After about 500 metres the path curves sharply to the right in front of a wooden gate. Keep following the signposts over a wooden bridge across the River Coln, then follow the river along the edge of the field until you reach a stile which takes you onto the road.
Just in front of you you’ll see Cassey Compton House, a big Cotswold stone building that’s used as the Compton Gallery and an events venue. Turn right and walk along the road. After 200 metres you’ll come to a junction – take the road to the right marked Chedworth/Cirencester.
Follow the road uphill for around 700 metres then turn left (look out for a public footpath signpost on the other side of the road) and step over the stile into Chedworth Nature Reserve. Follow the path through the nature reserve, up a hill and through a pine forest for around 1.5km.
* Note: there were a quite a few trees down after winter storms which were blocking the path so you might have to divert slightly to get around them, including one which blocks the junction mentioned below, but if you go left around the tree you can cut down to the path below *
When you reach a four-way junction, take the path to the left (you can see a footpath signpost at the bottom of the hill) and follow the path downhill – look out for a metal sign marked Roman Villa on the ground. Follow the path under the railway bridge to Chedworth Roman Villa.
Run by the National Trust, Chedworth Roman Villa is one of the largest Roman villas in Britain. The ornate mosaics, underfloor heating and bath houses show it was owned by a wealthy family in the 4th century. You can visit the ruins and museum, and there’s also a café and toilets.
Stage 3: Chedworth Roman Villa to Chedworth
Leaving Chedworth Roman Villa behind, walk down the driveway until you reach the road. Then turn right through the green gates marked Stowell Park Estate and signposted the Monarch’s Way. Follow the road through the estate for around 1.7km as it runs alongside the River Coln.
When you reach the end of the estate, you go through a similar green gate onto the main road. Turn down the road to the right and walk past the stone house, then take the footpath to the right, which starts with stone steps and is marked with a wooden signpost.
Follow this path uphill into Chedworth Woods, then carry on along the same path for around 1.2km. When it splits in two at a wooden footpath sign, take the left-hand path which runs downhill where it merges onto a well-made, new-looking stone path.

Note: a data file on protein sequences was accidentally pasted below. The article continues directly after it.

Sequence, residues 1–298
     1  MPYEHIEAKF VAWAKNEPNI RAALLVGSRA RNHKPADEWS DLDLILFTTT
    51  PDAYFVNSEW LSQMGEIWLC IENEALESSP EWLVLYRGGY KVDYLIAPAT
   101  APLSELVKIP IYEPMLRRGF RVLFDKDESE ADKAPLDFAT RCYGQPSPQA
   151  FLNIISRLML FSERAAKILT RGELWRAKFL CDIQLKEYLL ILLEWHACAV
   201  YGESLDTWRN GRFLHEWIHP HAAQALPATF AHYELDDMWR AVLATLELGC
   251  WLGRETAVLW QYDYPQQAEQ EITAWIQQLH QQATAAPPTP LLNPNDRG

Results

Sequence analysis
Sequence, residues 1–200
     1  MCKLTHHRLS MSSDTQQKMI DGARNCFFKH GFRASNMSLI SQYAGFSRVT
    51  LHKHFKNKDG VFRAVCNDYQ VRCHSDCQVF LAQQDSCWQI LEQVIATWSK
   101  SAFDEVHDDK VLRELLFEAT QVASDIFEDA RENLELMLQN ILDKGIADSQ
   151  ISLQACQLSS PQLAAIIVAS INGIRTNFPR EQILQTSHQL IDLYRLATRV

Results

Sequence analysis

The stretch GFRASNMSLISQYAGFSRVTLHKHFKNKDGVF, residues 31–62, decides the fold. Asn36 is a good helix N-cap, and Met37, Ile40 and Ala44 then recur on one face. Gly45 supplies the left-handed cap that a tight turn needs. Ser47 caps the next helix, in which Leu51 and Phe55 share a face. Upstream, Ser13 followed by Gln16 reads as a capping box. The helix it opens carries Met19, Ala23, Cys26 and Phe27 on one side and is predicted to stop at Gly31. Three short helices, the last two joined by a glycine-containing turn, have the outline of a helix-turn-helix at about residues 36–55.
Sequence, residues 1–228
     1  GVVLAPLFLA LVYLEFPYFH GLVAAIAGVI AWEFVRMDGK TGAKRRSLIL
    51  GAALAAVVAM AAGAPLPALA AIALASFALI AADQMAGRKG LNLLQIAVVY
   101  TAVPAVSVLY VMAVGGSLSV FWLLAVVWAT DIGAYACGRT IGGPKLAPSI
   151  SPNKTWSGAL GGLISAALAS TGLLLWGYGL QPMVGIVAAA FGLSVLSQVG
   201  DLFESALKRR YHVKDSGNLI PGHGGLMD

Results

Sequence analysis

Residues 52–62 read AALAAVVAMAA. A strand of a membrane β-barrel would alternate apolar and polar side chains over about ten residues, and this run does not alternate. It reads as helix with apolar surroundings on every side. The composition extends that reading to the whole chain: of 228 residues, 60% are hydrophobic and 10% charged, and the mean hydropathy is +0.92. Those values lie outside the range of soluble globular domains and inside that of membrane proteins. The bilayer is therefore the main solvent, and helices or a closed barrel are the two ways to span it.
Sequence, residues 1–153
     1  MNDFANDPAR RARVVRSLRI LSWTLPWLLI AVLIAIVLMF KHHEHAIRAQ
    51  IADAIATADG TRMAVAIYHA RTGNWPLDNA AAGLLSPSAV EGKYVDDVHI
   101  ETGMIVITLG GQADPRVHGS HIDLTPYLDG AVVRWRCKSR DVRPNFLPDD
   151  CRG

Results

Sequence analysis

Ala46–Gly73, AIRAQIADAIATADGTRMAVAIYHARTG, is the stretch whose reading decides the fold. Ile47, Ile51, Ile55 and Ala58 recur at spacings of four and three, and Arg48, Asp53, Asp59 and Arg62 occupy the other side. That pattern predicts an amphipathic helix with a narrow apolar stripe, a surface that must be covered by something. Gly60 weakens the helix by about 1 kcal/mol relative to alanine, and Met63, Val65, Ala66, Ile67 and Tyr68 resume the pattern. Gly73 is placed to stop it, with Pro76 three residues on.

Continue along this path for around 600 metres until it peters out on the edge of a field. Carry straight on across the grass – look for a wooden post at the top of the hill to aim for – and keep following the public footpath signs through the field (which is full of yellow rapeseed in spring).
You’ll see a tree in the middle of the field. When you reach it turn off to the right following the public footpath sign to the end of the field and through a stone wall into the next field. The path splits in two either side of the hedge – take the right path marked with a public footpath sign.
Go through the wooden gate and carry straight on. After 300 metres the path splits into three – take the path to the left, and go through a gate marked with a blue public bridleway sign on your right (rather than the bigger path on the left with a Monarch’s Way sign).
You can see Chedworth in the valley to your right. When the path meets the road, go right downhill into the village past some pretty Cotswold stone cottages. After 500 metres you’ll reach the Seven Tuns, a refurbished 17th-century pub with beer garden and good food.
And just opposite the pub, before a small waterfall, a curving path (marked the ‘Rog Harris path’ after a local resident) takes you back to the church to finish the Chedworth to Withington walk.